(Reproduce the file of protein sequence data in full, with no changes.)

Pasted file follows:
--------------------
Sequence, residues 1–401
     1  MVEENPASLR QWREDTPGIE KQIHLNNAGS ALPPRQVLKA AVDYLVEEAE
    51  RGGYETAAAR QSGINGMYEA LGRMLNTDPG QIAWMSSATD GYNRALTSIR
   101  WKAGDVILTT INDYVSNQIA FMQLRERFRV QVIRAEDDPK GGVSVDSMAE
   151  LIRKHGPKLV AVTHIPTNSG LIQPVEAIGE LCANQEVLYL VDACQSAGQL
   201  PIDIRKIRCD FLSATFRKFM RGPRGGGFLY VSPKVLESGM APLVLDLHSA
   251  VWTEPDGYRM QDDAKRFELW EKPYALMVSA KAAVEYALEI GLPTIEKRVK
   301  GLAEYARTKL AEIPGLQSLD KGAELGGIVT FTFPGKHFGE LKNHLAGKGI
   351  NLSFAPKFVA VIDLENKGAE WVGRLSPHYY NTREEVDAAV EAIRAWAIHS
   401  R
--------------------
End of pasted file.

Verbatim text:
Sequence, residues 1–401
     1  MVEENPASLR QWREDTPGIE KQIHLNNAGS ALPPRQVLKA AVDYLVEEAE
    51  RGGYETAAAR QSGINGMYEA LGRMLNTDPG QIAWMSSATD GYNRALTSIR
   101  WKAGDVILTT INDYVSNQIA FMQLRERFRV QVIRAEDDPK GGVSVDSMAE
   151  LIRKHGPKLV AVTHIPTNSG LIQPVEAIGE LCANQEVLYL VDACQSAGQL
   201  PIDIRKIRCD FLSATFRKFM RGPRGGGFLY VSPKVLESGM APLVLDLHSA
   251  VWTEPDGYRM QDDAKRFELW EKPYALMVSA KAAVEYALEI GLPTIEKRVK
   301  GLAEYARTKL AEIPGLQSLD KGAELGGIVT FTFPGKHFGE LKNHLAGKGI
   351  NLSFAPKFVA VIDLENKGAE WVGRLSPHYY NTREEVDAAV EAIRAWAIHS
   401  R